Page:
This wierd hoppy feet-lift is something I've noticed over the years on Taiji-related videos, it's a movement not normally necessary for regaining balance after being shoved backwards ... I just concluded it was a learned response which is encouraged by their authority figures and peers. Is that the whole story?
Well, almost invariably you'll see that sort of thing in Taiji that comes from southern China or Hong Kong (the raise both feet hop-back thing). The original admonition about "hop like a bird" got misinterpretted and became something unique to some of the southern styles. If someone gets a hit/push/etc to you, you should not absorb the force (just in case the person hitting is able to generate a lot of force/fajin), and that's what they mean by "not absorbing the opponent's qi". So what happens is that in these southern-Chinese related styles, instead of manipulating an opponent's incoming force when it's do-able or stepping back quickly when it's too much force, they learn to hop to just about every small touch, particularly when done by a 'teacher'.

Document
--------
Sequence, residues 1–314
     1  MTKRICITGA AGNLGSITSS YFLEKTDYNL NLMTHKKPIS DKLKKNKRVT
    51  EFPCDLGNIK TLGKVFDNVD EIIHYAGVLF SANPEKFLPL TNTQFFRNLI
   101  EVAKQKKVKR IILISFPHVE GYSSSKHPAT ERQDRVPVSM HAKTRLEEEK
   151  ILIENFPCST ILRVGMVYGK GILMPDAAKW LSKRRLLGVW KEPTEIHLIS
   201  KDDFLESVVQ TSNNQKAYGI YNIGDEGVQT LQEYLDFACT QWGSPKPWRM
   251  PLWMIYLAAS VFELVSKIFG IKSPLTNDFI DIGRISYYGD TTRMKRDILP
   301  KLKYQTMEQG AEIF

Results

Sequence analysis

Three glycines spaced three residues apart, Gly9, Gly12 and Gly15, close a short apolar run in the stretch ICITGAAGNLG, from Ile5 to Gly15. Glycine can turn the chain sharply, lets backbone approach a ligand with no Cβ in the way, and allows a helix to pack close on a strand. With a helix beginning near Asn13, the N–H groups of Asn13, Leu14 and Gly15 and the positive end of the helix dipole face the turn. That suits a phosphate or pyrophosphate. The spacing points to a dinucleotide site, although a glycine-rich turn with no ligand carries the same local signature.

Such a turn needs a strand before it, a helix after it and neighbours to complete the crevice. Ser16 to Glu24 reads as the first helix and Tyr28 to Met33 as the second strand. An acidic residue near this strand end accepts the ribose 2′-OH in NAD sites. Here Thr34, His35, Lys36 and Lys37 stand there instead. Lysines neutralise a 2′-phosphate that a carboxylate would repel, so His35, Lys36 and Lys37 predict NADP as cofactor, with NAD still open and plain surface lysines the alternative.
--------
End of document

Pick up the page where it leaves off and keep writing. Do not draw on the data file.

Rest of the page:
When I see someone doing that hop I know pretty surely that they have somehow probably been exposed to some southern-Chinese Taiji and that everyone in the class does that hokey hop.... it's almost a hallmark of S.C. Taiji. Someone with competition judo, wrestling, MMA, etc., is going to just laugh and throw them in a more serious confrontation.
Incidentally, Aikido and similar Japanese martial-arts also have a hallmark move when there are no jin/kokyu skills being taught in a class: they shift the hips to an incoming force instead of using the mind (what Ueshiba called "the Divine Intent") to adjust the kokyu/jin path.